Shepard Fairey street art retrospective at Warhol Museum

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The Independent Culture

Street artist Shepard Fairey, whose now-iconic "Hope" poster for the Barack Obama presidential campaign catapulted him to notoriety, opens his retrospective, Supply and Demand, at the Andy Warhol Museum in Pittsburgh, Pennsylvania, October 18, 2009-January 31, 2010.

With more than 80 works, the exhibition traces the artist's career over 20 years, from the Obey Giant stencil to screen prints of political revolutionaries and rock stars to recent mixed-media works.

Organized by the Institute of Contemporary Art, Boston, the show features posters, prints, stencils, and illustrations by the LA-based graphic artist. Inspired by Warhol, Fairey's work often includes "appropriated" imagery and propaganda-style design, including his renowned stylized image of Obama, acquired by the National Gallery of Art, Washington DC. His work is also in the collections of the Museum of Modern Art, Smithsonian, and London's Victoria and Albert Museum.

The 38-year-old has been arrested 14 times for graffiti and sniping (putting up flyers/posters in public spaces without permission. Boston police arrested him earlier this year for "vandalism," when promoting his exhibition.

The "Hope" poster is also not without controversy. With reference to a source photo from an Associated Press photograph, Fairey cut out actor George Clooney from the shot and altered the image with graphic enhancements in shades of red, white, and blue.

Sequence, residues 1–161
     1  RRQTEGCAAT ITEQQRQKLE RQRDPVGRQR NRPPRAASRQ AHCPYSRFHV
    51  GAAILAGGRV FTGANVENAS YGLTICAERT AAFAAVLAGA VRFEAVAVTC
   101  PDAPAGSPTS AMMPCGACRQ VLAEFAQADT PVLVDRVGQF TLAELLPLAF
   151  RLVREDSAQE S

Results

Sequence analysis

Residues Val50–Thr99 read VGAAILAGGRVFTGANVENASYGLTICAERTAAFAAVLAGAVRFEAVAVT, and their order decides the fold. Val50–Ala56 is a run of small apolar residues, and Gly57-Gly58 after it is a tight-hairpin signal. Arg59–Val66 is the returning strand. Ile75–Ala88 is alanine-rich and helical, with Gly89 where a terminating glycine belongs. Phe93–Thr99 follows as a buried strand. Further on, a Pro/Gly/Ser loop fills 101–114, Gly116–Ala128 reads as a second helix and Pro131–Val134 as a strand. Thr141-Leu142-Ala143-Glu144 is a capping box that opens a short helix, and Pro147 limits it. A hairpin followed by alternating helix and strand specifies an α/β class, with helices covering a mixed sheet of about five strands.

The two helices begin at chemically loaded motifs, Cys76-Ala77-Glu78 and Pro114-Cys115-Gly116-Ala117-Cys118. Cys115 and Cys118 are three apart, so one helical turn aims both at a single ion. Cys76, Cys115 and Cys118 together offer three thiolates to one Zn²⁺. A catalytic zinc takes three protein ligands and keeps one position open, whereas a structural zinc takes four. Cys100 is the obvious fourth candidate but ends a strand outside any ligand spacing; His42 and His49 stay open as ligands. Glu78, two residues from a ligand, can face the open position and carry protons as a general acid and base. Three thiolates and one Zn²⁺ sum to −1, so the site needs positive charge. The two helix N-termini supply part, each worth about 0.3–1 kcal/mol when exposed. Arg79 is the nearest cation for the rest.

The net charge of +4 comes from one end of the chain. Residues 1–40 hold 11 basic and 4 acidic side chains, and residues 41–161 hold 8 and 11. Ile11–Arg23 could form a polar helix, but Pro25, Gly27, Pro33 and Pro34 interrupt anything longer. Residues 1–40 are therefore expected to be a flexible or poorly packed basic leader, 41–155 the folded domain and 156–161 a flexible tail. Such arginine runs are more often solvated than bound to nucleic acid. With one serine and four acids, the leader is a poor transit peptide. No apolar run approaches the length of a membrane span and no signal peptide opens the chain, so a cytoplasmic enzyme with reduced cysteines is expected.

But the AP accused Fairey of copyright infringement for the original photo by Mannie Garcia, demanding credit and compensation. Fairey in turn filed suit against the AP, claiming his work is protected by the Fair Use Doctrine. Sales are donated to charity.

Fairey defends his "appropriation" of the photograph, stating on his website that the "illustration transforms it aesthetically in its stylization and idealization." Also, he believes it's a political statement with the purpose to inspire, unlike the news photo.

Guerrilla tactics are found in Fairey's first work, a pop image of professional wrestler Andre the Giant, called "Obey Giant." He encourages people to download the image and post on street signs and buildings. The amusing nonsensical image is intended to stimulate curiosity. http://obeygiant.com/free

On October 17, Fairey speaks at the Andy Warhol Museum about his work's shift between the fine, commercial, and political art and the meaning of his tagline: "Manufacturing quality dissent since 1989." http://www.warhol.org/

 

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